Lisa Durassier, Development in Action’s India Volunteer Coordinator, shares her experiences of Puri. Situated on the eastern coast of the Bay of Bengal in the state of Odisha, this holy city boasts spectacular temples and stunning sunsets. This reflection is part of Lisa’s blog, which can be read at – www.lisa-durassier.blogspot.com.
It felt right to be going to Puri, from the description in the guidebook I knew it was going to be just what I needed. From one State to another, once I again an overnight train journey ensued and this time a Japanese female lone traveller was sharing the berth. She too was headed that way so we decided to help each other. Hotel Love & Life, that sounded like my kind of place but when we checked in I soon realised it was obviously not the place to be.
I used the remainder of the first day to explore the dusty little town by the sea, full of coastline and sleepy streets in direct sunshine lined with walls displaying copies of artwork by the Orissan Tribes. Pink House, literally on the beach close to the fisherman’s village where you could watch them going out and hear the waves coming in…the following day I packed my bags and moved to this new perfect place where I instantly unwound.
Amidst the seashore and empty restaurants, several temples within and just outside of the town were worth paying a visit. The Jagganath Temple is an impressive structure, which unfortunately I was not permitted to enter as a non-Hindu but conveniently the library opposite let me view it from above for a small ‘donation’ which let me get a glimpse of the inside. In fact, Puri is renowned for being a town where pilgrims come to see this very temple and where travellers can recharge their batteries, both of which add to the special vibe.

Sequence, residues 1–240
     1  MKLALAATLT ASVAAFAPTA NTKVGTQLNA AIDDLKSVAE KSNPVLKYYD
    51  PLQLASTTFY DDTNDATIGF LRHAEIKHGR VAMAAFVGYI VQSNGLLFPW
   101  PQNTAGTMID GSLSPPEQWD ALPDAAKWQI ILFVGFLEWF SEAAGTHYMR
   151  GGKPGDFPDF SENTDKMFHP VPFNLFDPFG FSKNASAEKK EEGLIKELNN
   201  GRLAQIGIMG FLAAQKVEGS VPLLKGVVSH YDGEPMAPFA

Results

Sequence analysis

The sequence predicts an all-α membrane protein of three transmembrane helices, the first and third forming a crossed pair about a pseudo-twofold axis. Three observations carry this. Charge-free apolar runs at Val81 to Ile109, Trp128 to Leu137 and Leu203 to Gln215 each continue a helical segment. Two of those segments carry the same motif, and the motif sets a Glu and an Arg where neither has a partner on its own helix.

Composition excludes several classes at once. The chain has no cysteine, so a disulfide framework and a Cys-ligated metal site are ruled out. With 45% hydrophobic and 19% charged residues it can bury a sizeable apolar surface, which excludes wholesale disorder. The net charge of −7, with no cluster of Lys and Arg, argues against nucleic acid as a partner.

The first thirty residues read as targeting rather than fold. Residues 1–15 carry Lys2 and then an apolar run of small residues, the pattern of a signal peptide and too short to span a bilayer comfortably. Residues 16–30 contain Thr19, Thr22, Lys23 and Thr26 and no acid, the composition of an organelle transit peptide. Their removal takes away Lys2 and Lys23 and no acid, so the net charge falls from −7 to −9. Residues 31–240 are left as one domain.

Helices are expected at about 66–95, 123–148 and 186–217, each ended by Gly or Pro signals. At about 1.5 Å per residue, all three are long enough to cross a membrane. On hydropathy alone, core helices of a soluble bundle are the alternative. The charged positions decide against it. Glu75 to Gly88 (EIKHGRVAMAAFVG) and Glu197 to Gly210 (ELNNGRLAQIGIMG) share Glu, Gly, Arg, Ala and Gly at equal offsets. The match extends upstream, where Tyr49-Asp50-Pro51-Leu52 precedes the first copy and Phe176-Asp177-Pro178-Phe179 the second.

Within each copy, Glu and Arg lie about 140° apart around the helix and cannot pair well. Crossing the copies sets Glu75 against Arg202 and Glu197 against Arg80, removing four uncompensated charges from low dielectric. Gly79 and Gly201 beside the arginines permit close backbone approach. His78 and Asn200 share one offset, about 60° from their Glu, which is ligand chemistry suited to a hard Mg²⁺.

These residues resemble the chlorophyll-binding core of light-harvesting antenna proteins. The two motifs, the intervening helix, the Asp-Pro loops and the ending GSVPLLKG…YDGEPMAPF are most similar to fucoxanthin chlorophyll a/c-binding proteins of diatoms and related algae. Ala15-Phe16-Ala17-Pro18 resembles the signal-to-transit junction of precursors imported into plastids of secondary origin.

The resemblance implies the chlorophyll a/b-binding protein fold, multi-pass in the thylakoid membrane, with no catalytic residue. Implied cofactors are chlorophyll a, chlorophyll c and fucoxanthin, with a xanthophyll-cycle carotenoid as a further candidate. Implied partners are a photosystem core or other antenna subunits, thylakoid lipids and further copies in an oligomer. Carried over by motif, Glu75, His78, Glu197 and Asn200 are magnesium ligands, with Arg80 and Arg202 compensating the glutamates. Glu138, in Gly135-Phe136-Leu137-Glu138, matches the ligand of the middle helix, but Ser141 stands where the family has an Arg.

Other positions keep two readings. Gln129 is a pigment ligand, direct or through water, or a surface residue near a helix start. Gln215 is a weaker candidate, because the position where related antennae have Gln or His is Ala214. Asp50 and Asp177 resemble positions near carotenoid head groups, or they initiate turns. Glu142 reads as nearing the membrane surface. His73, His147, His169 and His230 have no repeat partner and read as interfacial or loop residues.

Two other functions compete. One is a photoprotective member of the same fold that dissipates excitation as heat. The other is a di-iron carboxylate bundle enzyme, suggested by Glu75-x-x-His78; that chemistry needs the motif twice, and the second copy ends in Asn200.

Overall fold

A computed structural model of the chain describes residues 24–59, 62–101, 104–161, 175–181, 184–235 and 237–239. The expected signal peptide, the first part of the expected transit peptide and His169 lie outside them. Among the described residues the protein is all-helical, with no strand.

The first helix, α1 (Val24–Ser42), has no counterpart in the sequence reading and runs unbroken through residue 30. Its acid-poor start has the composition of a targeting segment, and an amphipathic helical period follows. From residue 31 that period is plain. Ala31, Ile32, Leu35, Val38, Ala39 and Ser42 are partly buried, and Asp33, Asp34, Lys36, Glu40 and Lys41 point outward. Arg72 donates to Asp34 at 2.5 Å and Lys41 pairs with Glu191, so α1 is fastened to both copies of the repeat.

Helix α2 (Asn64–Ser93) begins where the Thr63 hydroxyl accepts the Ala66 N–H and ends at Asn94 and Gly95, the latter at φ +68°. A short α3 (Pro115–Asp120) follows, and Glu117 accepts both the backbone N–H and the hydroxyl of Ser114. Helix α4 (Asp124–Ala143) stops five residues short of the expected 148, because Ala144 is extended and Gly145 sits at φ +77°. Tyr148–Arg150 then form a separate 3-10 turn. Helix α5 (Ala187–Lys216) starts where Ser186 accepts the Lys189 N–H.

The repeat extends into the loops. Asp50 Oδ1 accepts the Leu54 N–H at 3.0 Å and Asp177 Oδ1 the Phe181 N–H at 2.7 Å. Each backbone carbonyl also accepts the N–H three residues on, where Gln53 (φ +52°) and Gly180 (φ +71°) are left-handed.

Then there was the Sun Temple, a bus ride away through swampy scenery to Konark an even smaller town that exists purely around this sight. I was quite surprised by it as for some reason I had imagined it to be very colourful which it wasn’t as it is all made up of a type of stone. Still, the hundreds of statues depicting stories I can only imagine and some practising the Karma Sutra were interesting to see!
What I enjoyed most about Puri was that I felt I could easily blend into the background, I was happy just existing there and doing nothing special except get on with work, talk with travellers and occasionally go to see my new Indian acquaintance who was quite a magical man. When the week was over I spent my last night on the Indian tourist beach, which was a spectacular sight with the hoards of families, chai wallahs, candyflossers and my favourite bhel puri stands that I just could not resist. Bells rang, horns blew and a buzz filled the air as the sun set.
The views expressed in this article are those of the author and do not necessarily represent the views of Development in Action.
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